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Vintage Alice Cooper Still Spectacle In Leather
August 2, 2004
By KENNETH PARTRIDGE, Special to the Courant
As Freddy Krueger and Hannibal Lechter are to film, Alice Cooper is to rock `n' roll. The three characters share a dark affability and over-the-top charm that amuses more than it terrifies, purposely inviting audiences to cheer on their villainy regardless of the body count.
Saturday night at the Oakdale Theater in Wallingford, Alice Cooper didn't do much gouging, though he did brandish a sword, feign suicide and pretend to slit the throat of a female dancer, who also happens to be his real-life daughter. Cooper and his band relied on timeless rock angst and demonic Rolling Stones chord progressions. Predictably, the crowd was on his side.
Dressed in at least three dead cows' worth of leather, Cooper didn't look much different Saturday than he did in the mid `70s. As he segued from the opening "Hello Hooray" into "No More Mr. Nice Guy," he prowled the stage with black baton in hand, scowling at the audience through makeup-smudged eyes without once breaking character.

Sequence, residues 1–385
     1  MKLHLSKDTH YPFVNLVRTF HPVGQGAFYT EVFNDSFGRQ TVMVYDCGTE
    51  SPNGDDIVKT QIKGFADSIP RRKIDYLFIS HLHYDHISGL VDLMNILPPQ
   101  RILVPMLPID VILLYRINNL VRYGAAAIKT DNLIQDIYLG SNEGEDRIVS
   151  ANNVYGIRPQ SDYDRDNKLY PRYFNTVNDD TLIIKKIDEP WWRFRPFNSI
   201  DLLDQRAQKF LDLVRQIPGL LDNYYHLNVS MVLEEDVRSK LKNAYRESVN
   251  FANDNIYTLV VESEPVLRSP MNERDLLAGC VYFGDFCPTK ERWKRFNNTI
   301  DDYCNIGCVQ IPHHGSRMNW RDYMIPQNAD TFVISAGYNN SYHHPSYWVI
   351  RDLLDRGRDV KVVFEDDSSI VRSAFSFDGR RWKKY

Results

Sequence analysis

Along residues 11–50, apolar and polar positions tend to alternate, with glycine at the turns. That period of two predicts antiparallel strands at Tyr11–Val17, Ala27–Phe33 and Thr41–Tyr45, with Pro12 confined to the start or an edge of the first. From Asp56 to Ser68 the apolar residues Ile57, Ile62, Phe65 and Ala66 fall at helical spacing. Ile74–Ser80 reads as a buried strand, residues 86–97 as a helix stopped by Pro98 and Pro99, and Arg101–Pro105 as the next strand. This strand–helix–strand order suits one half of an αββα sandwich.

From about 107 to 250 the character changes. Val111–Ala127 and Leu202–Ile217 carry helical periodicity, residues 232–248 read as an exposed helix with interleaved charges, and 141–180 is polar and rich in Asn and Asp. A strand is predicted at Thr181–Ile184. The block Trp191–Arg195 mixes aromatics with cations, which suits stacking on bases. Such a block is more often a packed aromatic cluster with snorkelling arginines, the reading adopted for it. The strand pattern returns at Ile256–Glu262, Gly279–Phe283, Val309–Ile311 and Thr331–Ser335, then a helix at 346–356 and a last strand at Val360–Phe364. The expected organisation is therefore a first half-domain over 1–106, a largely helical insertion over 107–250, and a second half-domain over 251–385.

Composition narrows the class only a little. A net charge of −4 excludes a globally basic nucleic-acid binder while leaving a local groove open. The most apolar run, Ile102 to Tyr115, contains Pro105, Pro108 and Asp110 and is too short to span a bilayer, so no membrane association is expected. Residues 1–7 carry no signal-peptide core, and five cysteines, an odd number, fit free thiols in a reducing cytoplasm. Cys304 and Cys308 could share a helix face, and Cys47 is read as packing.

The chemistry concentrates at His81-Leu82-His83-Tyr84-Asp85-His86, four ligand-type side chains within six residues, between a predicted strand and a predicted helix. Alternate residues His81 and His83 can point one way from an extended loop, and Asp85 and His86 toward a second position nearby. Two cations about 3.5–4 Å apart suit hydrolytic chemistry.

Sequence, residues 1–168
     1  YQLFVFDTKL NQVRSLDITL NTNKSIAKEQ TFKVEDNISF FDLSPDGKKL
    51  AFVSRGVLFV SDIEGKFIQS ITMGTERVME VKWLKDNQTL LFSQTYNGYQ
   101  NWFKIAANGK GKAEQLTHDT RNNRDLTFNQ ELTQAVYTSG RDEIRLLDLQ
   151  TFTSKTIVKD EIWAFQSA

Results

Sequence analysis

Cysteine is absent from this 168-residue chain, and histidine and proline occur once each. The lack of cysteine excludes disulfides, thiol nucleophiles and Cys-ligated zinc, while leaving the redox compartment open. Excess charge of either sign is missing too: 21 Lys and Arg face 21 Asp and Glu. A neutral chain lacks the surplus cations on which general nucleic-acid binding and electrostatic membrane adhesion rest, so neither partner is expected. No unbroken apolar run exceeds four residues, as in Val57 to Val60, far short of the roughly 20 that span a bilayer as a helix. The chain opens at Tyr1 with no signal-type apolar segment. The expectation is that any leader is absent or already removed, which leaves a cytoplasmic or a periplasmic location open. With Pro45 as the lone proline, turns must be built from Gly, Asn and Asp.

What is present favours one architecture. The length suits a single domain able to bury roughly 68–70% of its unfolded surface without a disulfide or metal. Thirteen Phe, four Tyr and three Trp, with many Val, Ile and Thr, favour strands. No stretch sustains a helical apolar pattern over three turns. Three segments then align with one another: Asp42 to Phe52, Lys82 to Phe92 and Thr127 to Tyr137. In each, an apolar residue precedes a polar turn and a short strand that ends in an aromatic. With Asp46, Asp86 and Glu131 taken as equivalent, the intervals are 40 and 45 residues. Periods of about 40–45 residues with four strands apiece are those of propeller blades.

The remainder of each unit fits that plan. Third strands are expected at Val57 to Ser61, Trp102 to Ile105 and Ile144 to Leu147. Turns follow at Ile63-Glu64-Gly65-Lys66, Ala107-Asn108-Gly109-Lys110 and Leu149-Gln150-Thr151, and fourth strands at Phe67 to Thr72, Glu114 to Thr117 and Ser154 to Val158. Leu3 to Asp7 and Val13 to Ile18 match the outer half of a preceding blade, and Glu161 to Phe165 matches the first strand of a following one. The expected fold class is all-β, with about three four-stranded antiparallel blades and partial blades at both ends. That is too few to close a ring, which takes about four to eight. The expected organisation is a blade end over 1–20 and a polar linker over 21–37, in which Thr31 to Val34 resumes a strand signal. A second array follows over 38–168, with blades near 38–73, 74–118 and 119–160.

The same honesty that lets Cooper put on his spectacle-laden show without pretension or irony, also drove him to confront an issue that was no doubt on the minds of many fans: his age.
With "Between High School and Old School," he seemed to admit his records aren't exactly making the high school rounds anymore. But cleverly he portrayed the younger generation's ambivalence as a response to his own artistic dilemmas: "I can't decide between my rules and your rules!"
Judging by Cooper's choice of opening band, Boston's Runner and the Thermodynamics, it's clear he's trying to play up the garage rock aspect of his legacy as much as the heavy metal influence he's become known for. A product of the same Detroit scene that spawned the Stooges and the MC5, Cooper has a legitimate claim, and songs like "School's Out" and "Poison" sounded more like fuzzed-out pre-punk than sign-of-the-beast metal.
With the night's final song, "Elected," Cooper made a bid for president. His message was sincere, if apathetic: "We've got problems in Hartford; we've got problems in Wallingford; we've got problems in Stamford, and personally, I don't care!" He may lack foreign policy experience, but at least he's got Sen. John Kerry's cheekbones.
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